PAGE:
I asked Yasuhito Endo after the Jordan game if this was the best Japan team he had played in, and while he didn’t go quite that far he did suggest it was unique.

“I feel that the national team is always very good but in this team we have many special players,” he said. “Opponents now are afraid of Japan.”

England would be no different, and Zac Japan could certainly teach Roy Hodgson’s team a thing or two about the beautiful game.

14
Jun
12

Steady play from Honda has Japan sitting pretty

Japan will be happy with their start to the final round of qualifying for the Brazil 2014 World Cup after picking up two home wins and earning a draw away to Australia.

Integral to that success was the side’s new number four, Keisuke Honda, who was in commanding form throughout the qualifiers. I considered his importance to the Samurai Blue – and a few other talking points – for The Daily Yomiuri.

13
Jun
12

Miyaichi-ban

Ryo Miyaichi has earned a lot of admirers in the past year-and-a-half, as much for his off-field performances as those on it…

I knew absolutely nothing about Ryo Miyaichi before he was plucked from the obscurity of Japanese High School football by Arsene Wenger back in 2010, and only kept half an eye on him when he was first loaned out to Feyenoord.

More and more Japanese players are making the journey west so I saw no reason to pay special attention to the former Chukyo Dai Chukyo winger.

To me the deal represented a fairly low-risk move by Arsenal: if he struggled to adapt he could easily be shipped out without anybody noticing, while Wenger would again be lauded for having an eye for natural – and cheap (or, more precisely, free) – talent if he turned out to be something special.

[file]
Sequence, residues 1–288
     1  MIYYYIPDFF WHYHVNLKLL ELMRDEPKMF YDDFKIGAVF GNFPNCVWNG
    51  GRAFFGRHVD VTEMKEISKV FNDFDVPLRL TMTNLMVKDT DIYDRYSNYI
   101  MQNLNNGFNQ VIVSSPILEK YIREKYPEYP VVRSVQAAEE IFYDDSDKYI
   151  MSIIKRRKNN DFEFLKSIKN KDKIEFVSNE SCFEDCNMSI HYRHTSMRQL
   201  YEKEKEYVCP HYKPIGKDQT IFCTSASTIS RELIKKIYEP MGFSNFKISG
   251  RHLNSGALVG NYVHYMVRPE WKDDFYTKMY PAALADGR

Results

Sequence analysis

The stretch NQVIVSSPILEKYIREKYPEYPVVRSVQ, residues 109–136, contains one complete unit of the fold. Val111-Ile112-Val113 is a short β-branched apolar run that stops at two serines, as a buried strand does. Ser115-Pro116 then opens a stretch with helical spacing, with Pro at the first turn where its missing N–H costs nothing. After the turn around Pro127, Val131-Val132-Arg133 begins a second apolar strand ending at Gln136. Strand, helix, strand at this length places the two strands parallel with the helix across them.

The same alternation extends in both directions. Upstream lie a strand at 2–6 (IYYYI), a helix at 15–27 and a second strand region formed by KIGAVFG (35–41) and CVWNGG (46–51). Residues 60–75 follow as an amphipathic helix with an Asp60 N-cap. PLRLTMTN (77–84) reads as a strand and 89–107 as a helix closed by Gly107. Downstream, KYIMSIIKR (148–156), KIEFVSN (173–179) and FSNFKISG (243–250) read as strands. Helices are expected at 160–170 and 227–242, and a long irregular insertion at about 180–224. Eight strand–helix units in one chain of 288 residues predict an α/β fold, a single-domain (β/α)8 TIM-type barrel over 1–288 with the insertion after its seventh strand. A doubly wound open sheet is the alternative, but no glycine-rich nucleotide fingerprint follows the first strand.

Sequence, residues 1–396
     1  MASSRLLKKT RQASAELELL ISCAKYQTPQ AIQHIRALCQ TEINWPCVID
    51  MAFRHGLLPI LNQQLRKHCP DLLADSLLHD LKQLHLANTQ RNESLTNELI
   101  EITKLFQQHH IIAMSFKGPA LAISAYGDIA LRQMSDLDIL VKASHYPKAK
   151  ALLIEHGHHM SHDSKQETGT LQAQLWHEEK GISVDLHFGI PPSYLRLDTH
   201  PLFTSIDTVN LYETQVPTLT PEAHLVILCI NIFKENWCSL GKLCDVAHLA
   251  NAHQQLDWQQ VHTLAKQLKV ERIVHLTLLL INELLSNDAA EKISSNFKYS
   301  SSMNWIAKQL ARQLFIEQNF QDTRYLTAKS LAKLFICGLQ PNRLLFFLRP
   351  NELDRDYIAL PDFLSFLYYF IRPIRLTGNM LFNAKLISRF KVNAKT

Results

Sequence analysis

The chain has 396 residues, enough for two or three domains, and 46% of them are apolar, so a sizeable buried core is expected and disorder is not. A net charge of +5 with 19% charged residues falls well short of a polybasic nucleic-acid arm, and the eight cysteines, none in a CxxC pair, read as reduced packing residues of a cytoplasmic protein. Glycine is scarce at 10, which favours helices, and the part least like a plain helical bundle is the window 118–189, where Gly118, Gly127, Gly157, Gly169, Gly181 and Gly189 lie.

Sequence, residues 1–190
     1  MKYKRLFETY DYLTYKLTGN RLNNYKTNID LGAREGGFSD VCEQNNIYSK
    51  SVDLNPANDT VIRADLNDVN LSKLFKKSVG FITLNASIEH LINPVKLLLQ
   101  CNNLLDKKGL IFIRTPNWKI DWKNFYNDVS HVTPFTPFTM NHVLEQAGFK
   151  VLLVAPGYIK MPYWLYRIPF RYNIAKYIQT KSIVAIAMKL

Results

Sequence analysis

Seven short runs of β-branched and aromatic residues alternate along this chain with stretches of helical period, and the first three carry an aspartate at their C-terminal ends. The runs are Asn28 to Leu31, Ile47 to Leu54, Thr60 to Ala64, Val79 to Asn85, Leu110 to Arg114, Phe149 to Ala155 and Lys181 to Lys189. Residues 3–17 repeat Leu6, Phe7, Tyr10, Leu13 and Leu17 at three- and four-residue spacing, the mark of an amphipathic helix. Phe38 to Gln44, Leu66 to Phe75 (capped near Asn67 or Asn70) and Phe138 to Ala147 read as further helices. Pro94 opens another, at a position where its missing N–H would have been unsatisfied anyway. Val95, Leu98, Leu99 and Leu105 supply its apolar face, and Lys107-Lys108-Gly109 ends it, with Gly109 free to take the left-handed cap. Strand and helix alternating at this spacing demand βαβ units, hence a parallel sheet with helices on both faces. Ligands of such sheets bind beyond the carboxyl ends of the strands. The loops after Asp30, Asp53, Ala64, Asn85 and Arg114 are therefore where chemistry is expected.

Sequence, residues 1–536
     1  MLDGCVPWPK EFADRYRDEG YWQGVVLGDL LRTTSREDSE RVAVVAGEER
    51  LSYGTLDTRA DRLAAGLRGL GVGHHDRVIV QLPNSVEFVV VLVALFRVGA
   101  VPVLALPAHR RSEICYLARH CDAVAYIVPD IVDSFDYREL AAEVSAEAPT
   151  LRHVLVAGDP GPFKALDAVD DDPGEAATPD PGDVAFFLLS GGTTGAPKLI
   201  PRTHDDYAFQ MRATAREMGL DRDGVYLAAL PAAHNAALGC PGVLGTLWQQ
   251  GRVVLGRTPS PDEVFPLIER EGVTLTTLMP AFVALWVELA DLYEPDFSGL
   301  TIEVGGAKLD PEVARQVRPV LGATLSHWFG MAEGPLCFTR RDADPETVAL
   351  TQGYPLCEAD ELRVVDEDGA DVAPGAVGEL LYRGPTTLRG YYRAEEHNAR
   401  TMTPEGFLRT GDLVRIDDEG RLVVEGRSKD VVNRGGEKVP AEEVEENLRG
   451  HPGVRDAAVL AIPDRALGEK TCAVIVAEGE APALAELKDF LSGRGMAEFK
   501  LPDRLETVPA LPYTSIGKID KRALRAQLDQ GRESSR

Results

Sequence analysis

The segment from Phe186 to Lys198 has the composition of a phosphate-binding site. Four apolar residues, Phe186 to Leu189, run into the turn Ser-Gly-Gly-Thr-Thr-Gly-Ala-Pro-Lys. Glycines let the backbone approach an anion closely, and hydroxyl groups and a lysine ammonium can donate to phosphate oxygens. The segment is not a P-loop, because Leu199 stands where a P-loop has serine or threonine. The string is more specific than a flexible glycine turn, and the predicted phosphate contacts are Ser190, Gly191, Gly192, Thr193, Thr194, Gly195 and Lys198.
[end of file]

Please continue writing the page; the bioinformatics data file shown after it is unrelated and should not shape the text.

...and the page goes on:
His impressive spells on loan at Feyenoord and then Bolton suggest that it may very well be the latter though, and his stock has risen even higher since he was called up to the national team by Alberto Zaccheroni for the final match in the third round of World Cup qualifying against Uzbekistan in Toyota.

I spoke to him in the mixed zone after that game, and gained my first real insight into what had enabled him to progress so rapidly through the ranks.

As well as being an obviously very gifted footballer, his mentality and personality hugely impressed me and he appears to have all the tools to fulfil his vast potential.

I asked if he was ok to try a conversation in English, fully expecting him to say no, but he smiled and said he’d give it a go.

He then expressed himself clearly and openly in his second language for several minutes, after just over a year outside of Japan, and it was clear he was having a lot of fun in England.

“I enjoy it every day, I can play at a higher level,” he said.

“I’m happy to play in the Premier League and also I’m living alone so I am really enjoying every day.”

After the match with Oman I spoke with his next-door neighbour in Bolton, the Wigan Athletic goalkeeper Ali Al Habsi.

He, too, remarked upon Miyaichi’s personality.

“He’s really keen and he’s confident in himself and he can go forward,” he said.

“He’s still really, really young. At that age if you are at Arsenal that means you are a good player.”

I don’t socialise with them so can’t possibly claim to know for sure how other Japanese players in Europe spend their free time, but the impression is that many of them seem to relax together, in effect segregating themselves from their non-Japanese teammates.

As an Englishman living overseas I know full well how nice it is to spend time with people who share a common language and culture.

However, at the same time I know that I must put in the effort to truly benefit from and enjoy my time in Japan.

Miyaichi seems to have no problem with that side of living overseas.

Mixed zones – especially during national team camps, when papers and websites are in need of daily comments – tend to be fairly serious and stressful.